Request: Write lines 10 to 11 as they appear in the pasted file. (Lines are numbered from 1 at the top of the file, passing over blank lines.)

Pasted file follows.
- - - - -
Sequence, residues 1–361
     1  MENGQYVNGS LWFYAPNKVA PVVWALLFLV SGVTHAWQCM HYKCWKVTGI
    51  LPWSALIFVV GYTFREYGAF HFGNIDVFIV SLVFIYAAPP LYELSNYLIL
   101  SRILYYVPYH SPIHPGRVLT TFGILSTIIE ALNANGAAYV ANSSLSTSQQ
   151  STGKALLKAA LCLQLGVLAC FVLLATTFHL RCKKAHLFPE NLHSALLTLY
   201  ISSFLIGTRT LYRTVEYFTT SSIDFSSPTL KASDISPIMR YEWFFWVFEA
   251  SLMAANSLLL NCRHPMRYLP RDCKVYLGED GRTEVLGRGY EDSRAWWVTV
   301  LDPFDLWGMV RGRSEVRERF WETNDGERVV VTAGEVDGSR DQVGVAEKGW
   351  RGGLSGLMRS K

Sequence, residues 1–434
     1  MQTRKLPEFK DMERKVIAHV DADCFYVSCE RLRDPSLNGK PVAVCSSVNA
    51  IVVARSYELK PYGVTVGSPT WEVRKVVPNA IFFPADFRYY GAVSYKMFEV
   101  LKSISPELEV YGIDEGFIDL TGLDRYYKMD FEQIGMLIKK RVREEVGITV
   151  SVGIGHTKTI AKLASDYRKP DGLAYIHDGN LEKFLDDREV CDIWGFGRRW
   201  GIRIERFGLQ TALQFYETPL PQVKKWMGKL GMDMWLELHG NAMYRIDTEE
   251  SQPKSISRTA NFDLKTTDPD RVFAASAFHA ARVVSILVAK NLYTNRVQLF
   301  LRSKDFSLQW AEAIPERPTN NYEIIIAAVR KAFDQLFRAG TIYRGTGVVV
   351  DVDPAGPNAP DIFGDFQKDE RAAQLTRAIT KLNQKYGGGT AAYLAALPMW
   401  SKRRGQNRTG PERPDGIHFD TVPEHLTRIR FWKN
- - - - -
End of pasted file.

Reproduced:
Sequence, residues 1–434
     1  MQTRKLPEFK DMERKVIAHV DADCFYVSCE RLRDPSLNGK PVAVCSSVNA